People ask occasionally how I make my zines, so I thought I’d write about that process.
First, why publish a zine? I do it because I want to get my and others’ writing out there in the world, and now. A zine is quicker and cheaper to create than a book or magazine, and slower but more satisfying, more permanent, and less commenty than a blog. The final product is a format that thrills me completely. I like having control over the entire process. It’s a way to meet and collaborate creatively with a bunch of inspiring people. And it’s a way to be true to the cranky, idealistic visions of my 15-year-old self.
Also, and more important at 33 than 15, it’s a somewhat financially sustainable way to write. E-books, now the mainstream self-publishing medium, have lower overhead up front, but the financial margins are better on my zines even at relatively low quantities. That means I can sell them cheaply without plugging into a scaled-up corporation. I don’t make a ton of money, but it pays for its costs and my time sooner than selling the same number of e-books would, and the bulk of my expenses go to the post office and the printer down the street. The giant in Seattle still gets its cut via my funding platform, but that’s another story.
So. This definitely isn’t the only way to do it, and it may not be the best way, and this description entirely leaves out the creative process which justifies the whole operation in the first place. But it does hopefully answer the question of how I’ve been making it work:
It’s really all about planning. Decide what you want your zine to look like, what size, how many pages, what colors, what look. If you haven’t written or compiled it yet, then decide exactly what content you want inside. That determines the rest of the process, and helps with getting your budget, printing, and postage lined up too.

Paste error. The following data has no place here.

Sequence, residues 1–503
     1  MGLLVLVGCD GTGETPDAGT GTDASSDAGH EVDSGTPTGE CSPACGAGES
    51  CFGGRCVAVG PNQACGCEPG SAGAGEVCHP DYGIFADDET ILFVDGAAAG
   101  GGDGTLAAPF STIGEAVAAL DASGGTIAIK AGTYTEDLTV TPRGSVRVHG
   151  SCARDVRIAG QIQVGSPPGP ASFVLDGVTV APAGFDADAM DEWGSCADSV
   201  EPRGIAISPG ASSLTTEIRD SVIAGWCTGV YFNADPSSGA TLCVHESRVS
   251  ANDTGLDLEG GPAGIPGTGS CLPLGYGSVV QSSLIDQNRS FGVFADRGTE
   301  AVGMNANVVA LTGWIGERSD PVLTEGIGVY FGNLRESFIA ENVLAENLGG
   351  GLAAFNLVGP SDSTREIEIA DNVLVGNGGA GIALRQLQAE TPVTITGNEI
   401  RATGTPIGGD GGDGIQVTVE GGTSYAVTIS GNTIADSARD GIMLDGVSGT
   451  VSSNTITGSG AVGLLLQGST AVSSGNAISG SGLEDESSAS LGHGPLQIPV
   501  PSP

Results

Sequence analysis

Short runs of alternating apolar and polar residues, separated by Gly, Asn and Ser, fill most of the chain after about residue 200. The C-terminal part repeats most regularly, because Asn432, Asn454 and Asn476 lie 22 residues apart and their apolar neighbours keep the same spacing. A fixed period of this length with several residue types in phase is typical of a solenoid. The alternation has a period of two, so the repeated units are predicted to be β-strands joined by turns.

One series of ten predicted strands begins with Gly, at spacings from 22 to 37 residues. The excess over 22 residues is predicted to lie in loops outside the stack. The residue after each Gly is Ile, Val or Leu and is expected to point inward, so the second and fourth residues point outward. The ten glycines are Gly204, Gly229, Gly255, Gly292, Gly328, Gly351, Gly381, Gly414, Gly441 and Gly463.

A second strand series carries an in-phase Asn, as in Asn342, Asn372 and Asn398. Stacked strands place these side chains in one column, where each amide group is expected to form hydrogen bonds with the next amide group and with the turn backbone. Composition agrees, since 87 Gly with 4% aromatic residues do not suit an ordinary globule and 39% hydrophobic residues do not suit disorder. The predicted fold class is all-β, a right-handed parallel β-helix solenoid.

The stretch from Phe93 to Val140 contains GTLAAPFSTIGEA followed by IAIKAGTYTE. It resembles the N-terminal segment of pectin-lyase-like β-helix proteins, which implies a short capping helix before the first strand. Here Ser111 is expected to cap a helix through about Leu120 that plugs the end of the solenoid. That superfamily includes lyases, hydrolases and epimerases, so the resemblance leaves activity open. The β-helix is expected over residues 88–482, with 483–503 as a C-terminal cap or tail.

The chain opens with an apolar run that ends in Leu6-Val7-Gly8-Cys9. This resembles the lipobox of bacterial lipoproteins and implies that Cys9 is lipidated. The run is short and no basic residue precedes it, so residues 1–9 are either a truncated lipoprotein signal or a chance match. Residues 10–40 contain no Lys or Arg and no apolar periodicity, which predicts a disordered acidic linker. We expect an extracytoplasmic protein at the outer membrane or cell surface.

I recommend planning a production timeline for your zine, striving to meet your deadlines, and then taking it real easy on yourself when you don’t. If you have a hard deadline for publication, like an event, then allow way more time than you think you need (as in a month), especially for any parts that are out of your own hands. Be sure to have a backup plan for glitches along the way, like doing a xeroxed short run at the last minute if the printing is delayed, or mixing up the layout or having backup illustrations in case a contributor flakes.
If you’re going to solicit contributions from writers or artists, give them a content deadline of at least two weeks before the one you’ve set for yourself. Then give them plenty of reminders. This will give everyone time to be late and allows a cushion for editorial back and forth. Same goes for printing.
Tools of the trade
For the first two issues of Taking the Lane, I wrote and edited everything to within an inch of its life, compiled in a text document, and then emailed it to a friend who designed and laid everything out and emailed that to the printer along with the technical instructions.
Since then, I use Adobe In-design, which is nicely set up for laying out books. I taught myself to use it by googling the heck out of every little thing. (It’s also helped a lot to have an in-house expert.)